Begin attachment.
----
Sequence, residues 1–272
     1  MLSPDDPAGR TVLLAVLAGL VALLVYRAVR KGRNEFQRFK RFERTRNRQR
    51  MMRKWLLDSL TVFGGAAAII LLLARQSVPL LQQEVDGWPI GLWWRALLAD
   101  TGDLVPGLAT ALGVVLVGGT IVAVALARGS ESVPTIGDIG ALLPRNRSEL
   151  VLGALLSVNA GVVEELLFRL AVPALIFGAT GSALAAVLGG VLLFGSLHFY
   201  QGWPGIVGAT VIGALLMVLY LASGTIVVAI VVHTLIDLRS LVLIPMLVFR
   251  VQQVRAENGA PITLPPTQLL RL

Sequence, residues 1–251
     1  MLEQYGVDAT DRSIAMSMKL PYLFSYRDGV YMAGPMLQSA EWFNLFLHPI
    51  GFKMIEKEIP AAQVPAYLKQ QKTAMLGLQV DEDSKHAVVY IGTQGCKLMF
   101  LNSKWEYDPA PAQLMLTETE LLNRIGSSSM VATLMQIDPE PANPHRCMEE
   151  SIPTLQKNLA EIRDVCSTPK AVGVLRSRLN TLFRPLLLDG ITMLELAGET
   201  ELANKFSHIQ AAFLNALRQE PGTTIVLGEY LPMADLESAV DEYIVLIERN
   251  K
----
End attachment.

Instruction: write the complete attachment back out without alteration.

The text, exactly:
Sequence, residues 1–272
     1  MLSPDDPAGR TVLLAVLAGL VALLVYRAVR KGRNEFQRFK RFERTRNRQR
    51  MMRKWLLDSL TVFGGAAAII LLLARQSVPL LQQEVDGWPI GLWWRALLAD
   101  TGDLVPGLAT ALGVVLVGGT IVAVALARGS ESVPTIGDIG ALLPRNRSEL
   151  VLGALLSVNA GVVEELLFRL AVPALIFGAT GSALAAVLGG VLLFGSLHFY
   201  QGWPGIVGAT VIGALLMVLY LASGTIVVAI VVHTLIDLRS LVLIPMLVFR
   251  VQQVRAENGA PITLPPTQLL RL

Sequence, residues 1–251
     1  MLEQYGVDAT DRSIAMSMKL PYLFSYRDGV YMAGPMLQSA EWFNLFLHPI
    51  GFKMIEKEIP AAQVPAYLKQ QKTAMLGLQV DEDSKHAVVY IGTQGCKLMF
   101  LNSKWEYDPA PAQLMLTETE LLNRIGSSSM VATLMQIDPE PANPHRCMEE
   151  SIPTLQKNLA EIRDVCSTPK AVGVLRSRLN TLFRPLLLDG ITMLELAGET
   201  ELANKFSHIQ AAFLNALRQE PGTTIVLGEY LPMADLESAV DEYIVLIERN
   251  K